Peddie’s curriculum emphasizes curiosity, growth, and intellectual discussion through classes in mathematics, English, science, history, language, and the arts. During their junior and senior years, students design their own program of independent research or creative work, pursuing it under the guidance of faculty mentors. Recent topics have included “Exploring the Influence of Sports Markets in China,” “The Architecture of French Gothic Cathedrals,” “Predicting Malaria Outbreak in Namibia Using Machine Learning,” and “Good Enough: A Screenplay.”
The school offers many clubs, affinity groups, activities, and community service projects. Peddie holds a weekly student-run community meeting that features pep rallies, class contests, and guest speakers. Every dorm has a dorm parent, and students enjoy family-style dinners, school picnics, and activities like kickball, Cake Wars competitions, and yoga.
The Taft School
The Taft School encourages students to develop their academic, artistic, and athletic talents. It’s located on a beautiful 200-acre campus amidst a warm, spirited, and fun community. Students benefit from the academic and extracurricular opportunities of a large school in an intimate, communal environment.
Taft offers more than 200 courses every semester in the arts, English, global studies, history, mathematics, science and technology, and world language. In addition to the core curriculum, students have numerous experiential and applied learning experiences, including the school’s independent learning program and unique partnerships with The New York Botanical Garden, National Oceanic and Atmospheric Administration, U.S. Geological Survey, and more.
Students also participate in sports, clubs, activities, and spirited traditions. Residential students live in eight houses and halls, with resident faculty, dorm heads, and dorm monitors available to make these spaces a true home away from home.
The Webb Schools
Located on a 150-acre campus in the foothills of Claremont, California, The Webb Schools is committed to academic excellence, team sports, outdoor adventure, and participation in the arts. 100% of each graduating class attends a four-year university, and 90% of Webb graduates attend colleges and universities in the top 10% nationwide.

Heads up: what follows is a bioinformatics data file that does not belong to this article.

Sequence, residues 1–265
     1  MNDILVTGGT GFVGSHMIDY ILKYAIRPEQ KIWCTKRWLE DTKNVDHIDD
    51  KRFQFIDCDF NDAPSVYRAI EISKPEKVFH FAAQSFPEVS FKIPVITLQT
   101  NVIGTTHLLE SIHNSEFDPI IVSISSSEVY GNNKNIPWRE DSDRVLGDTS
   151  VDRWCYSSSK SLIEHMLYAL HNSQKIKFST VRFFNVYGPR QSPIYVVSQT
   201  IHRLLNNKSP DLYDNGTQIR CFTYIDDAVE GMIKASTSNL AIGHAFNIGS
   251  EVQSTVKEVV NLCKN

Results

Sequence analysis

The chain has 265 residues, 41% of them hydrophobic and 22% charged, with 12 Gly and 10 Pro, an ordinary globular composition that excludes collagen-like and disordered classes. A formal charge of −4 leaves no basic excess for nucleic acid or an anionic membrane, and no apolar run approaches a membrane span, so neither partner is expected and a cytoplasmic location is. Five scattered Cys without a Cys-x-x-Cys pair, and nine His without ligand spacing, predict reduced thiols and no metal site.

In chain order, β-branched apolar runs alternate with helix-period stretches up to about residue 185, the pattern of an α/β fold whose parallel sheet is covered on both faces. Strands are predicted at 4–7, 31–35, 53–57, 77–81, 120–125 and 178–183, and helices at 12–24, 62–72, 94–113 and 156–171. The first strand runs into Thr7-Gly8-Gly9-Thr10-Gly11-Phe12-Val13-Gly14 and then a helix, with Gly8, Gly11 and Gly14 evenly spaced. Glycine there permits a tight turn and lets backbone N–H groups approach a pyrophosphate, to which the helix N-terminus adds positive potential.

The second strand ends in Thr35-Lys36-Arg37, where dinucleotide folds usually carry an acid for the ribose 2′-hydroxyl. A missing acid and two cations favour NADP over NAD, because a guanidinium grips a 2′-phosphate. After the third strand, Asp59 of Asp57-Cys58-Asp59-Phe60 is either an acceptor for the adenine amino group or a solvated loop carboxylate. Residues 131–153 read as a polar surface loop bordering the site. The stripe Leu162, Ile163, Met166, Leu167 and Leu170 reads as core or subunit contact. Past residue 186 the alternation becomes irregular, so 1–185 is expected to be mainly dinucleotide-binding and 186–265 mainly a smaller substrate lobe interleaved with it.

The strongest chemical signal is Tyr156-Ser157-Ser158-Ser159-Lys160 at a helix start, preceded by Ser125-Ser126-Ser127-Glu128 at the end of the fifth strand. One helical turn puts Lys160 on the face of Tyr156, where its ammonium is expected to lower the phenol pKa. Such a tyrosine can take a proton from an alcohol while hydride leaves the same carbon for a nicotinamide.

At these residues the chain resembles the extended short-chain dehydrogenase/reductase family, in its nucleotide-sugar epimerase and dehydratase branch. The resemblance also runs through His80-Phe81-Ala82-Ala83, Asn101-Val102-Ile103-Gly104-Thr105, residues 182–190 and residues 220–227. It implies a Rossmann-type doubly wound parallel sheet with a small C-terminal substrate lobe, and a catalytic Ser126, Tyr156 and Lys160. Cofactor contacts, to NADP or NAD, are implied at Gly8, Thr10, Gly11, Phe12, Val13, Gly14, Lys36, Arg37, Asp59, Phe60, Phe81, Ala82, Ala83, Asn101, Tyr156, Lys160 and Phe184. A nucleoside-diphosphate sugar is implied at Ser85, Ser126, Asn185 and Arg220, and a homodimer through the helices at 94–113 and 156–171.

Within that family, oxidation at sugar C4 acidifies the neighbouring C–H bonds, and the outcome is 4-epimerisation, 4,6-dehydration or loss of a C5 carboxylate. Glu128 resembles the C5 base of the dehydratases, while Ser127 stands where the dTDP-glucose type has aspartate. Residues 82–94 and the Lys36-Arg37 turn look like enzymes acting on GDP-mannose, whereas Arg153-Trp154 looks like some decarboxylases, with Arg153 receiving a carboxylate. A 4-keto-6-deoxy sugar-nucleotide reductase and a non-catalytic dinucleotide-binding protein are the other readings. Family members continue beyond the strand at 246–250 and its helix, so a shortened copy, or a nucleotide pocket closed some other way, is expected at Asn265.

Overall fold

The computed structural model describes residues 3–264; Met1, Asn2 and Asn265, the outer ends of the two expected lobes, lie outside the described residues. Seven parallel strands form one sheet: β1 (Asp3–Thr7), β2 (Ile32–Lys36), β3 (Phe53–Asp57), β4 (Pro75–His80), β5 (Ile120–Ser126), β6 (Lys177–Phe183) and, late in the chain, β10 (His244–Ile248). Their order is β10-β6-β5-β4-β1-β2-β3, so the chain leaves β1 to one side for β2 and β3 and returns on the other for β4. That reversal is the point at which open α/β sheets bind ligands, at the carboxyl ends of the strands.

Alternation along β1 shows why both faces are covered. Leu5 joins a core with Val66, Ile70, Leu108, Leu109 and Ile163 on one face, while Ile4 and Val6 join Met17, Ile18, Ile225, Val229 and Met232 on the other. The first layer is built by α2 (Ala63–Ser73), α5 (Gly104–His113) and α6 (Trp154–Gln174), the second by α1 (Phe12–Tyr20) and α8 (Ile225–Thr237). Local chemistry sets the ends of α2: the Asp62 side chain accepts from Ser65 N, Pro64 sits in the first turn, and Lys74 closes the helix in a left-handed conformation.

Webb offers an innovative, rigorous education in the liberal arts and sciences, along with field study opportunities and engaging academic partnerships that promote the school’s philosophy of “learning by doing.” Students take courses in science, mathematics, computer science, humanities, world languages, and fine arts. The school offers Advanced Studies courses in fields such as paleontology, organic chemistry, and anatomy and physiology. By junior and senior year, students have license to define their own educational focus.
The school teams up with universities and research institutions to help students extend and deepen their learning beyond Webb classrooms. Students take 30 or more field excursions per year to places like the Los Angeles Philharmonic and NASA’s Jet Propulsion Library.
Webb offers more than 70 student-led clubs and affinity groups. The campus features an accredited museum of paleontology, a dining hall complete with a noodle bar and panini station, two libraries, an observatory, a 21,000-square foot gym, an aquatics center, and numerous outdoor sports facilities. It also has an art studio and two theaters, along with 10 on-campus dormitories for residential students.
Bloomfield Hills, Michigan
Cranbrook Schools cultivates curiosity, creativity, resilience, and collaboration through an innovative curriculum. Faculty average 22.4 years at Cranbrook, making it one of the most experienced faculties of any school in the nation. 90% of the faculty have advanced degrees in the subject they teach.
At Cranbrook, the on-campus experience is more like a small liberal arts college than a typical high school. Students take courses in history, English, religion, world language, mathematics, science, computer science, and fine and performing arts. They can choose from a wide range of courses, including Current Middle East Conflicts, Creative Nonfiction, Stellar Astronomy, Metalsmithing, Stagecraft, and Multivariable Calculus.
Cranbrook offers 64 clubs and organizations and has 45 athletic teams. Students have plentiful opportunities for community engagement and leadership, including Wilderness Leaders, which culminates in an eleven-day backpacking trip. The 319-acre campus is home to an art museum, Institute of Science, Williams Natatorium, a recently renovated ice arena, nature trails, beautiful gardens, and five residential halls.
Final Thoughts: Best Boarding Schools in the U.S.
Boarding schools offer living and learning communities that prepare students for college, careers, and life. In addition to a rigorous academic curriculum, most boarding schools have plentiful extracurricular opportunities, hands-on learning experiences, and unique on-campus resources.
More than traditional public school and private school students, boarding school students say they were both academically prepared for college and prepared for the non-academic aspects of college.
If you believe you would thrive in a boarding school environment, the schools on this list are an excellent starting point for your search.